HRW: Rajapaksa Government, one of world's worst perpetrators of enforced disappearances

[TamilNet, Thursday, 06 March 2008, 09:09 GMT]
The United States-based Human Rights Watch, an International rights advocacy group, on Thursday said Sri Lanka's President Mahinda Rajapaksa, "once a rights advocate," has now led his government to become "one of the world’s worst perpetrators of enforced disappearances." Issuing a 241-page report, "Recurring Nightmare: State Responsibility for 'Disappearances' and Abductions in Sri Lanka," the group has called on, in particular, India and Japan, to make further military and other non-humanitarian assistance to Sri Lanka contingent on government efforts to halt the practice of “disappearances,” and to end impunity, including its acceptance of an international monitoring mission.

In a press release, issued from New York, the Human Rights Watch has called on the government of Sri Lanka on Thursday to:

  • Take immediate measures to end the practice of enforced disappearances, vigorously investigate all cases reported, and bring the perpetrators to account; and

  • Cooperate with the UN Office of the High Commissioner for Human Rights to establish and deploy an international monitoring team to report on violations of international human rights and humanitarian law by all parties to the conflict;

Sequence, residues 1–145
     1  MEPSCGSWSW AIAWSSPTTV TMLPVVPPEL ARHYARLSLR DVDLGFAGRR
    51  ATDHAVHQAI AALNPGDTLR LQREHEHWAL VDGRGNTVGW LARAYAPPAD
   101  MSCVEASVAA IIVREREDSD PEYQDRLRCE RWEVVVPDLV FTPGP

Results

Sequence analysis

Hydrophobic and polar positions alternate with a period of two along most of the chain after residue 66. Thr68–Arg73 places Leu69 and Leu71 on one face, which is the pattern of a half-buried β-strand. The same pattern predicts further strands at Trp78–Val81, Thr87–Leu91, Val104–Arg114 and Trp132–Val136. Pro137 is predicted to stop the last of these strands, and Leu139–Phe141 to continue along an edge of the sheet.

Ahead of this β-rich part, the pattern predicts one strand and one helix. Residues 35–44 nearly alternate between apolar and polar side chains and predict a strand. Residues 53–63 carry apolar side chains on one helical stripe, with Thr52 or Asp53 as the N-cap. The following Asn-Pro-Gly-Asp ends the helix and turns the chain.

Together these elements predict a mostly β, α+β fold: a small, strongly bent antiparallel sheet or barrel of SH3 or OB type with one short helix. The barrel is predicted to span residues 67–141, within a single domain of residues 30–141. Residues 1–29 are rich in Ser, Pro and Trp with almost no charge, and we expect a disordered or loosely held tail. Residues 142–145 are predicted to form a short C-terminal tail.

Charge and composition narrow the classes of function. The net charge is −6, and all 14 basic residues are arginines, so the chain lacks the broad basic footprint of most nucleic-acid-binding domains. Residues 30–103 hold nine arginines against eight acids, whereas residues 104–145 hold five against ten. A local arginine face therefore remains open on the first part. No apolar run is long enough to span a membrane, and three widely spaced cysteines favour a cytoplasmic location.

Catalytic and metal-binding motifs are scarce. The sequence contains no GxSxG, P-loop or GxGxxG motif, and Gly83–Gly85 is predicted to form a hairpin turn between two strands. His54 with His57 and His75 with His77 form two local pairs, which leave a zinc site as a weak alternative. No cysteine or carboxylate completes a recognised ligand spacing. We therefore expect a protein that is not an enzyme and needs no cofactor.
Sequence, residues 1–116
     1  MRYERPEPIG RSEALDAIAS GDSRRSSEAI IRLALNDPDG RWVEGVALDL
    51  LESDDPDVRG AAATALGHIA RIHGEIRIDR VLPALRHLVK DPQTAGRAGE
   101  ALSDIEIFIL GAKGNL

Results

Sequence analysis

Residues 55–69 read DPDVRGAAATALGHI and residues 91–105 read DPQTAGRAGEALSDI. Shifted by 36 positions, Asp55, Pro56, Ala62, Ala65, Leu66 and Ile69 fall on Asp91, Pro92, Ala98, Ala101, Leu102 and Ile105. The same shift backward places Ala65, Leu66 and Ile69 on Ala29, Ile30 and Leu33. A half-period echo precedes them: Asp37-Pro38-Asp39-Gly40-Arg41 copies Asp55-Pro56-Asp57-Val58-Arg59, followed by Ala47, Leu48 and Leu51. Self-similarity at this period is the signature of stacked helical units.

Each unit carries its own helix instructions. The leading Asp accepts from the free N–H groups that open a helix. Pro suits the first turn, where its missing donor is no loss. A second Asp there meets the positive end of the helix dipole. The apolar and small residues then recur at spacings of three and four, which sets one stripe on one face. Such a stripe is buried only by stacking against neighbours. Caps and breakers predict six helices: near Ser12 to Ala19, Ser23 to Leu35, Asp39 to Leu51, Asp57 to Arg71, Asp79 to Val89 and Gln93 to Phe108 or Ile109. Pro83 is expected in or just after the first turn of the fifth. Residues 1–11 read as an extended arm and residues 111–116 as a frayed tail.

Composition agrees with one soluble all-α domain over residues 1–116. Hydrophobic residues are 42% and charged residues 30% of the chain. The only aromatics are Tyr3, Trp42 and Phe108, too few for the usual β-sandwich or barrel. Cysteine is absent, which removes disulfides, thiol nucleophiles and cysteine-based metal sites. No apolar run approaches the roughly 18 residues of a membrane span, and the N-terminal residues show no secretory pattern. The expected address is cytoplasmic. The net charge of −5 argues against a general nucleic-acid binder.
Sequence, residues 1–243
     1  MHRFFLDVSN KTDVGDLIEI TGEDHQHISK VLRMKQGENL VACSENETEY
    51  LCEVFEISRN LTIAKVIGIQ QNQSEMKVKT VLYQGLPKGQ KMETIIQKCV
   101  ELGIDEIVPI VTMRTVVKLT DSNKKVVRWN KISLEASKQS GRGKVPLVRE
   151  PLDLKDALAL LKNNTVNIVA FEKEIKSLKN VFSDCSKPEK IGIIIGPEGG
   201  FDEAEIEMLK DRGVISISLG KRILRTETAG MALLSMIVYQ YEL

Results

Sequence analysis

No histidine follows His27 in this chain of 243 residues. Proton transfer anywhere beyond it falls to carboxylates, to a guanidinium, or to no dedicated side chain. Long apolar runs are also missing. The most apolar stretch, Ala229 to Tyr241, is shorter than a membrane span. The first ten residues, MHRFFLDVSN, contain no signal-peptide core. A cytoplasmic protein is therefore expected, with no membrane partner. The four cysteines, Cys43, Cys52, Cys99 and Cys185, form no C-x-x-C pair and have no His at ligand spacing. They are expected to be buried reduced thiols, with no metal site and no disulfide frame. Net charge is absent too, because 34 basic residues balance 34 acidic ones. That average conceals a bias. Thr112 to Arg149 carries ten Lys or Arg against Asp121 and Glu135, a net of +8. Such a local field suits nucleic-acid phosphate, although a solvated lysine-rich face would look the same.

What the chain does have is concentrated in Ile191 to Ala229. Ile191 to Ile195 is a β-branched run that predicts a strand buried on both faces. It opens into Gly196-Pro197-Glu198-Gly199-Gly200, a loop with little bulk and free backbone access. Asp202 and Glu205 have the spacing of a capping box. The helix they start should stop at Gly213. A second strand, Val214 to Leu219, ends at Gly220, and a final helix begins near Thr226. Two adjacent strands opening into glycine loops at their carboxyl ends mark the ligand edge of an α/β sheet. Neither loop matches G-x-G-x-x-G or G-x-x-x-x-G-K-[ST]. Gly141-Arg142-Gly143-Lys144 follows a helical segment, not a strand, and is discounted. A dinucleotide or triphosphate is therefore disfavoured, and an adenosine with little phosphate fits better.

The vast majority of cases documented by Human Rights Watch indicate the involvement of government security forces – army, navy, or police. In some cases, relatives of the “disappeared” identified specific military units that had detained their relatives and army camps where they had been taken.

The number of abductions perpetrated by the LTTE is comparatively low since targeted killings, rather than abductions, appear to be the LTTE’s primary tactic. The LTTE has also been responsible for numerous other egregious abuses, including bombings against civilians, political assassinations, forced child recruitment, and the systematic repression of basic civil and political rights in areas under their control.

In the face of the crisis, the government of Sri Lanka has demonstrated an utter lack of resolve to investigate and prosecute those responsible. Not a single member of the security forces has been brought to justice for involvement in “disappearances” or abductions. Human Rights Watch said that Sri Lanka’s emergency laws, which grant the security forces sweeping powers to arbitrarily arrest and detain people without being held to account, have facilitated enforced disappearances.

“So long as soldiers and police can commit ‘disappearances’ with impunity, this horrific crime will continue,” said Elaine Pearson, deputy Asia director at Human Rights Watch.


External Links:
HRW: Recurring Nightmare: State Responsibility for 'Disappearances' and Abductions in Sri Lanka

 

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